2 Chronicles 10:7
And they spoke to him, saying, If you be kind to this people, and please them, and speak good words to them, they will be your servants for ever.
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EXPOSITORY (ENGLISH BIBLE)
(7) If thou be kind to this people.—A free paraphrase of, “If to-day thou become a servant to this people and serve them” (Kings)—words which may have seemed inappropriate to the redactor, in connection with the king, but which form a pointed antithesis to the last clause of the verse, “they will be thy servants for ever.”

And please them.Be propitious to them, receive them graciously (raçah). (Genesis 33:10.) Kings, “answer them.”

10:1-19 The ten tribes revolt from Rehoboam. - Moderate counsels are wisest and best. Gentleness will do what violence will not do. Most people like to be accosted mildly. Good words cost only a little self-denial, yet they purchase great things. No more needs to be done to ruin men, than to leave them to their own pride and passion. Thus, whatever are the devices of men, God is doing his own work by all, and fulfilling the word which he has spoken. No man can bequeath his prosperity to his heirs any more than his wisdom; though our children will generally be affected by our conduct, whether good or bad. Let us then seek those good things which will be our own for ever; and crave the blessing of God upon our posterity, in preference to wealth or worldly exaltation.The narrative of Kings (marginal reference) is repeated with only slight verbal differences. 7. If thou be kind to this people, and please them, and speak good words to them—In the Book of Kings [1Ki 12:7], the words are, "If thou wilt be a servant unto this people, and wilt serve them." The meaning in both is the same, namely, If thou wilt make some reasonable concessions, redress their grievances, and restore their abridged liberties, thou wilt secure their strong and lasting attachment to thy person and government. No text from Poole on this verse. See Chapter Introduction And they spake unto him, saying, If thou be kind to this people, and please them, and speak good words to them, they will be thy servants for ever.
EXEGETICAL (ORIGINAL LANGUAGES)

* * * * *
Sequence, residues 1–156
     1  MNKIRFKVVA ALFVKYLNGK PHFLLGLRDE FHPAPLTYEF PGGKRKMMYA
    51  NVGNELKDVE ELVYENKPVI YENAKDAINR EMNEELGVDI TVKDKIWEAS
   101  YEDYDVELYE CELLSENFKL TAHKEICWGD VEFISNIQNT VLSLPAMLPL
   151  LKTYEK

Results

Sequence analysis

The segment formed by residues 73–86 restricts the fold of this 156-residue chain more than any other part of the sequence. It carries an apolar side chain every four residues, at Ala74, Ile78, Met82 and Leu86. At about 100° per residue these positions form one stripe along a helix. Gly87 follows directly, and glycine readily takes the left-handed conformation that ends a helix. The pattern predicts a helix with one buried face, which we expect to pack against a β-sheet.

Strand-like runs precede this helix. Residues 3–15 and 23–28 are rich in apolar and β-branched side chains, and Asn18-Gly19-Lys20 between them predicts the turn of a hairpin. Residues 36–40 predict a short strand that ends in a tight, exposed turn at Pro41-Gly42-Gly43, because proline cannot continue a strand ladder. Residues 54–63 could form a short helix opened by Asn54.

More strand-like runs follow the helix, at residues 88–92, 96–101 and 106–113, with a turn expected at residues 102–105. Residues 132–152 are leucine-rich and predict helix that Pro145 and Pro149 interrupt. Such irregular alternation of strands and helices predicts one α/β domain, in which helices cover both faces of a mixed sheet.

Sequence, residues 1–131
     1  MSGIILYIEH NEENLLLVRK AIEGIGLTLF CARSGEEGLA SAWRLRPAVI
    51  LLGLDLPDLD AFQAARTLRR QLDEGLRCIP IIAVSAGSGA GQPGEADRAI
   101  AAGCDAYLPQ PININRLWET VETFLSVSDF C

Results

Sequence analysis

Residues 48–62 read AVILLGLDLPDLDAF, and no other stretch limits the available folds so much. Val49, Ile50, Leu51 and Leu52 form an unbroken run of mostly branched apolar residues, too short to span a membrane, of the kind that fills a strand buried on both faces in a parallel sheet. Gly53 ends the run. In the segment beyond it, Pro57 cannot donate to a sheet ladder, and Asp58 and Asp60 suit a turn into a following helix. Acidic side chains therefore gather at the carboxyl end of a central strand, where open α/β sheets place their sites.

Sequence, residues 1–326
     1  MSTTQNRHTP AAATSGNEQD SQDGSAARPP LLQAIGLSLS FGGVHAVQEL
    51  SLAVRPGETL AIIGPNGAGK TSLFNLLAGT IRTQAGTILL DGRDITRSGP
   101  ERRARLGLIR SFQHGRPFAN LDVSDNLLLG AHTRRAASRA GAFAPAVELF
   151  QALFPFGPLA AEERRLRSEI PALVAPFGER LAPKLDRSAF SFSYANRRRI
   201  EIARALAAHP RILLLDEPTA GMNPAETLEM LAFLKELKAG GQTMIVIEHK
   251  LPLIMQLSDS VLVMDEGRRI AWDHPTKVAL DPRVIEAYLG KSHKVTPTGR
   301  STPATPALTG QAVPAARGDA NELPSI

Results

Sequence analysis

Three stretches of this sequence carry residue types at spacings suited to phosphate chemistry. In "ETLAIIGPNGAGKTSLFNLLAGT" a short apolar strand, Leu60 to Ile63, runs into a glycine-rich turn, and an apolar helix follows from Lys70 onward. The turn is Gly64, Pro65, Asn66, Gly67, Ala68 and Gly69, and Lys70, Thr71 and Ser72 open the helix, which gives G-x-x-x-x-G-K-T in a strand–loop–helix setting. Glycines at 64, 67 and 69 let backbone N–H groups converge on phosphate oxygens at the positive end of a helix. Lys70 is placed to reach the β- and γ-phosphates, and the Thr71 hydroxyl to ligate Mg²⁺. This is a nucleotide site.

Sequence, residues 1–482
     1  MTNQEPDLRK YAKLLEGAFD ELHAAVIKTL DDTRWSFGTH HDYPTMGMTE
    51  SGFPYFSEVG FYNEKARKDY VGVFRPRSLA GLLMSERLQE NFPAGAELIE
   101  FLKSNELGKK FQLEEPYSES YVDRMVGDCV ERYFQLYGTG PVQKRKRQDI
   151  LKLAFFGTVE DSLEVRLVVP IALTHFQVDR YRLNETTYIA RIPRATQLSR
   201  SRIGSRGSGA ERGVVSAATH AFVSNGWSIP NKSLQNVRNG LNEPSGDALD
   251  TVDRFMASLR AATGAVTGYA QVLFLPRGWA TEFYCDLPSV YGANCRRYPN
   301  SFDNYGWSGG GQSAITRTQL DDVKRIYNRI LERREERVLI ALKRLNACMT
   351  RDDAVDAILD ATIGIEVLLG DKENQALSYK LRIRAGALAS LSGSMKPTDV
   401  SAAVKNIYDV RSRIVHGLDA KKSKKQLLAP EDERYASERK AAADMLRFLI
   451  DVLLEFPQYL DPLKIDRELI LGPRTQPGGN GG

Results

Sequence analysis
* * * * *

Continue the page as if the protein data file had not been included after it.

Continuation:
7. if thou be kind to this people, and please them] The Chronicler has softened the forcible words of the parallel passage (1 Kings 12:7), “If thou wilt be a servant unto this people this day, and wilt serve them.” The words which were too blunt for Rehoboam were also too blunt for the Chronicler.Verses 7, 8. - Rehoboam was now (1 Kings 14:21; 2 Chronicles 12:13; but cf. 13:7) forty-one years of age; he was just too old to find any excuse for inability to gauge either the experience, and value of it, of the "old," or the inexperience, and foolishness of it, of the immature human heart. According to the modern phrase, he was just ripe to have known and bethought himself of this. But all rashly Rehoboam casts the die. The sound judgment, real knowledge, opportune and practical advice of the "old men," uttered evidently off so kind a tongue, should have been indeed now "as good as an inheritance; yea, better too" (Ecclesiastes 7:11, margin). The reading of the parallel is well worthy to be noted (1 Kings 11:7), with its manifestly pleasantly and skilfully worded antithesis, "If thou this day will be a servant to this people... then they will be thy servants for ever." Our words, however, have their own exquisite beauty about them, If thou wilt be kind to this people, and please them, and speak good words to them. One might fancy that Saul, and David, and Solomon, and angels themselves bended over the scene, and looked and listened and longed for wisdom and love and right to prevail. The young men that had grown up with him. While this expression throws light as above on that which speaks of Rehoboam's old men counsellors, it wakens the question how men of forty-one years of age can be called "young," as Rehoboam was not living in patriarchal aged times. And the question is emphasized by the language applied to Rehoboam in 2 Chronicles 13:7, where he is described as "young and tenderhearted," and unable, for want of strength of character and of knowledge, to "withstand vain men" (as he surely shows too clearly now). It has been suggested ('Speaker's Commentary,' 2:562, Note C) that כא (21) should be read for מא (41) in the two passages quoted above (1 Kings 14:21; 2 Chronicles 12:13). The suggestion seems good, and it is certainly reasonable for the requirements of both matter and manner. This event is narrated in our chapter, except in so far as a few unessential differences in form are concerned, exactly as we have it in 1 Kings 12:1-19; so that we may refer for the exposition of it to the commentary on 1 Kings 12, where we have both treated the contents of this chapter, and have also discussed the deeper and more latent causes of this event, so important in its consequences.
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